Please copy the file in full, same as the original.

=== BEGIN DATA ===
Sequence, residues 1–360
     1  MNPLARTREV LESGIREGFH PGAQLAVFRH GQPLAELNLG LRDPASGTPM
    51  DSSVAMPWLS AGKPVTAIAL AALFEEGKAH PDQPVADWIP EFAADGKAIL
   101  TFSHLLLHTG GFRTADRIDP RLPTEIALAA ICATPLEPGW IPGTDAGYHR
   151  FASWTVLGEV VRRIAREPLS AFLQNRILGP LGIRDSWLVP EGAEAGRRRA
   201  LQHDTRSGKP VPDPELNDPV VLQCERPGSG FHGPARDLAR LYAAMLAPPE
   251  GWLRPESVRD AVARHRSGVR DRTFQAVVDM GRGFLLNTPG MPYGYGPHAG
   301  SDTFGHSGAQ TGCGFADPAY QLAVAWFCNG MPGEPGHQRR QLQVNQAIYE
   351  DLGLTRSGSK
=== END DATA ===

Sequence, residues 1–360
     1  MNPLARTREV LESGIREGFH PGAQLAVFRH GQPLAELNLG LRDPASGTPM
    51  DSSVAMPWLS AGKPVTAIAL AALFEEGKAH PDQPVADWIP EFAADGKAIL
   101  TFSHLLLHTG GFRTADRIDP RLPTEIALAA ICATPLEPGW IPGTDAGYHR
   151  FASWTVLGEV VRRIAREPLS AFLQNRILGP LGIRDSWLVP EGAEAGRRRA
   201  LQHDTRSGKP VPDPELNDPV VLQCERPGSG FHGPARDLAR LYAAMLAPPE
   251  GWLRPESVRD AVARHRSGVR DRTFQAVVDM GRGFLLNTPG MPYGYGPHAG
   301  SDTFGHSGAQ TGCGFADPAY QLAVAWFCNG MPGEPGHQRR QLQVNQAIYE
   351  DLGLTRSGSK